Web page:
Being Wrong, Being Right, and Being a White Woman of Privilege
by Sara Whitestone In a small Virginia town I mistakenly make an illegal U-turn. A police officer immediately pulls me over. I immediately start crying.
by Sara Whitestone In a small Virginia town I mistakenly make an illegal U-turn. A police officer immediately pulls me over. I immediately start crying.
by Julie Riddle I miss Laura Bloxham. She died in November 2019, and even though she had coped with significant health issues for years, her
by Sara Whitestone January 21 “Well, Mom, it’s been 14 days, and Zhi and I have no symptoms,” my daughter tells me over the phone.
by Amanda C. R. Clark Available for purchase is a perfume named “Paperback,” another called “Replica: Whispers in the Library” (which claims to smell like
by Ann Marie Bausch I must confess: just the idea of writing about discomfort made me, well, uncomfortable. We live in a frightening world. Many
by Susannah Brister Proverbs 13:12 “Hope deferred makes the heart sick, but desire fulfilled is a tree of life.” I have always hated New Year’s resolutions.
by Liz Backstrom There ought to be behind the door of every happy, contented man someone standing with a hammer, continually reminding him with a
by Karen Bjork Kubin The fact is, the jeans found you. Or, technically, your husband brought them home in a pile of thrift store denim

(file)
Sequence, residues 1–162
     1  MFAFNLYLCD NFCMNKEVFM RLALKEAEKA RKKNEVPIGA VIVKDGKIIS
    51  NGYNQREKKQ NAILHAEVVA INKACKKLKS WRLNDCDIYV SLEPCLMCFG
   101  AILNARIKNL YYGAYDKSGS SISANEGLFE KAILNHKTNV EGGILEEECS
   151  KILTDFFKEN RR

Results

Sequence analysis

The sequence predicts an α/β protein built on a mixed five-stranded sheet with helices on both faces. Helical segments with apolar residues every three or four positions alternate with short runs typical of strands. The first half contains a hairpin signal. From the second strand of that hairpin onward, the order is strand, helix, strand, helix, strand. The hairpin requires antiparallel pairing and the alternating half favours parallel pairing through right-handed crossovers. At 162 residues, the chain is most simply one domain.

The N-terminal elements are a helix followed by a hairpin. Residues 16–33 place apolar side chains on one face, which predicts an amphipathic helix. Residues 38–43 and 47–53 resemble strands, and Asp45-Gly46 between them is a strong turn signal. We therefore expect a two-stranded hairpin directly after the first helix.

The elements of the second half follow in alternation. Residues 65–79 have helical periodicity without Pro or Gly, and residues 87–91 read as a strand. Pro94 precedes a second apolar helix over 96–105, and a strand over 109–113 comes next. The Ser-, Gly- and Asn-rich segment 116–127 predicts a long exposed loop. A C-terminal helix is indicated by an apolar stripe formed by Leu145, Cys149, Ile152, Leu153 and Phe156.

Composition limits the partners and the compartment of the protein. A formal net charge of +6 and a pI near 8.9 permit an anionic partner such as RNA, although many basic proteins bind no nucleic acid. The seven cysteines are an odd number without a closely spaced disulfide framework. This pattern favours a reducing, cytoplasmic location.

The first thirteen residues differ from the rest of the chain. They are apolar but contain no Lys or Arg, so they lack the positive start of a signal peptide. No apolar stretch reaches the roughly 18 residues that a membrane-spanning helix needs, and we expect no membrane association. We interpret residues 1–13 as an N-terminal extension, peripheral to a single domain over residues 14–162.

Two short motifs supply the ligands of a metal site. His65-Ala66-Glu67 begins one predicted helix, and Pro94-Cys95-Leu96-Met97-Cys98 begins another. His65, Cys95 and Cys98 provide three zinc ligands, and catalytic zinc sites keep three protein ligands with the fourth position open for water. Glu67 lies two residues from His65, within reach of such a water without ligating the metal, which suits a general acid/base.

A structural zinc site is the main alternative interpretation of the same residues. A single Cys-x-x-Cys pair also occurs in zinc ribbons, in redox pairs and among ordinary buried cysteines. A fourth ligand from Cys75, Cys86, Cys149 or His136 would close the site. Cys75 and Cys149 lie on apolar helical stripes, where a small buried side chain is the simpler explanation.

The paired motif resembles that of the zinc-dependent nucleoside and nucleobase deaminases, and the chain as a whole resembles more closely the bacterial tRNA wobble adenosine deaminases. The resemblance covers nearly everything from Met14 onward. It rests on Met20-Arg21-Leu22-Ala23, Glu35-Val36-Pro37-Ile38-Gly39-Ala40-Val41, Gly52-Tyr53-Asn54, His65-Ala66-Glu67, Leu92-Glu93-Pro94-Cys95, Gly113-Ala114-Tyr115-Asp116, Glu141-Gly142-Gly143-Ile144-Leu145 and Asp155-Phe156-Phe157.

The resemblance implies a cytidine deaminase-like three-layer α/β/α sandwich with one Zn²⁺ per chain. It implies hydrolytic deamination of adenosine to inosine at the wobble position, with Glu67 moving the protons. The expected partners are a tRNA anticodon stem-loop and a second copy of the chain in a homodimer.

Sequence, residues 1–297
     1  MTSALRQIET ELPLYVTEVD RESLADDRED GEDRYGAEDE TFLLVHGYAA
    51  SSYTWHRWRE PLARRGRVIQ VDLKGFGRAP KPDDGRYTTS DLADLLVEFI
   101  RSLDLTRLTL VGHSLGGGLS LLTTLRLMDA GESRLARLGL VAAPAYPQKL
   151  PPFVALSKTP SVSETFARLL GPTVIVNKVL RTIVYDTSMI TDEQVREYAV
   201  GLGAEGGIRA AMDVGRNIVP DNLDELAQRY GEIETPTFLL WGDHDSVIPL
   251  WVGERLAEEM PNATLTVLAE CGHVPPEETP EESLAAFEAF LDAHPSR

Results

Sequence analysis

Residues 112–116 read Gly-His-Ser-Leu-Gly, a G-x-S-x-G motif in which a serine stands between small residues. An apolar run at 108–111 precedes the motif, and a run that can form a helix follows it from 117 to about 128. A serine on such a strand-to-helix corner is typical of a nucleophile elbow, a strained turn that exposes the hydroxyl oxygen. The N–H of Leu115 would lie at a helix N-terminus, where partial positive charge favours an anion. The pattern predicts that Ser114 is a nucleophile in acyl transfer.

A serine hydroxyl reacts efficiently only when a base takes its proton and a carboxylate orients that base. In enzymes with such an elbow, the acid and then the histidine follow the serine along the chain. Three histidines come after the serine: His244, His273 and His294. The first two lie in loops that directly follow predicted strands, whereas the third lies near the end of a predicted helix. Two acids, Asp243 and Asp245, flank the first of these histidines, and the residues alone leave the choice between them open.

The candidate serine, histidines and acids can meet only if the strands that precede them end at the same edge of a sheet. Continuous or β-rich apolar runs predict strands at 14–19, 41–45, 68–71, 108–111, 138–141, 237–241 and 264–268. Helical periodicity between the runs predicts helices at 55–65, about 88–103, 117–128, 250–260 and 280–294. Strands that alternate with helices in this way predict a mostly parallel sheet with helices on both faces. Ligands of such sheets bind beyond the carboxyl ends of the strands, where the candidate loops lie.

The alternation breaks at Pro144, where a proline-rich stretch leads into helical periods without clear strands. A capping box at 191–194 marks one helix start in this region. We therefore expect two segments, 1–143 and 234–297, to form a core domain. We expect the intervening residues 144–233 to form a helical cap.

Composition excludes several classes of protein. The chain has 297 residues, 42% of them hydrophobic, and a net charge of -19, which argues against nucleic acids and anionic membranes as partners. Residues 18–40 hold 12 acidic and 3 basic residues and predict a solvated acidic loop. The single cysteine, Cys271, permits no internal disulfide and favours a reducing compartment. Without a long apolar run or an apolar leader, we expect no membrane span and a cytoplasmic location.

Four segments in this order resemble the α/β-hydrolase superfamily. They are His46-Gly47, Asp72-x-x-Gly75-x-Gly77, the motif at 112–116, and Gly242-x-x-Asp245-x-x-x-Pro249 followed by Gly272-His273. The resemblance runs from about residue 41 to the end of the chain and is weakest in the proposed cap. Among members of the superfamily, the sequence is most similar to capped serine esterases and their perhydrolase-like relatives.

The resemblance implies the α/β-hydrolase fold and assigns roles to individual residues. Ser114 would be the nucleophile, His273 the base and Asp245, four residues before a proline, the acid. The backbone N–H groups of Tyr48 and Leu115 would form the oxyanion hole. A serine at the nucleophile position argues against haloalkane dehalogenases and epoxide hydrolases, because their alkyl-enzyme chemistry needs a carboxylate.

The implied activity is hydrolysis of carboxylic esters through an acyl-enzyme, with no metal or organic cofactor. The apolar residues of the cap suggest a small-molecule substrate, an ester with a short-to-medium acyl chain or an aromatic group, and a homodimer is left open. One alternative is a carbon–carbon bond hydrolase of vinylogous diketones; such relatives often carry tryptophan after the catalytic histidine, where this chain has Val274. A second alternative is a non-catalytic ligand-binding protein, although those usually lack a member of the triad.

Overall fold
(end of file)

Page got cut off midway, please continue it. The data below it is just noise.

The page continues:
by Julie Riddle During my annual eye exam last November, I asked my optometrist if she was ready for the “2020” jokes she’s sure to
by Meghan Laakso I let out a long, forced exhale as I left the examination room. In my hand I held a light blue piece
by Sara Whitestone With a splash, I step off the anchored boat. Bobbing in the warm Atlantic waters, I check my equipment one more time,
by Liz Backstrom “To do something well you have to like it. That idea is not exactly novel. We’ve got it down to four words:
by Emily Hanson Every issue of Rock & Sling witnesses to a myriad of different ideas, feelings, and actions and each piece does so in
by Jessica Dundas The label “Christian Fiction” tends to turn me off. I expect another cleaned up, simplified version of life, where they always get
by Julie Riddle I have a child for you. In an instant these six words dismantled my long-held identity as a woman who had chosen
by Karen Bjork Kubin This butterfly is going to sit on your arm for a while, okay? I’m sure I nodded, but I don’t remember.
by Alanna Carlson Anyone who knows me knows that I am unabashedly, loudly, political. Not infrequently, a family member (often on the other side of
by Laura Bloxham I have always loved reading. When I was a child I gravitated toward Nancy Drew, who solved mysteries, had a supportive father,
by Emily Donnel Dr. Laurie Lamon lives in Spokane, Washington and is currently a professor in the English department at Whitworth University, where she teaches
by Sunni Brown Wilkinson I’ve always thought of myself as a fairly average person but for one thing: growing up, my tastes never seemed to
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by Susannah Brister For twenty-two years, I didn’t really know what my body looked like. Whenever I got in or out of the bathtub or
by Ann Marie Bausch There is a famous family story about my husband as a little boy. At a gathering, a relative asked one of
A note from Rock & Sling: Jason Mehl’s essay “Ears to Hear” appears in Rock & Sling 13.1. You can read the essay here. By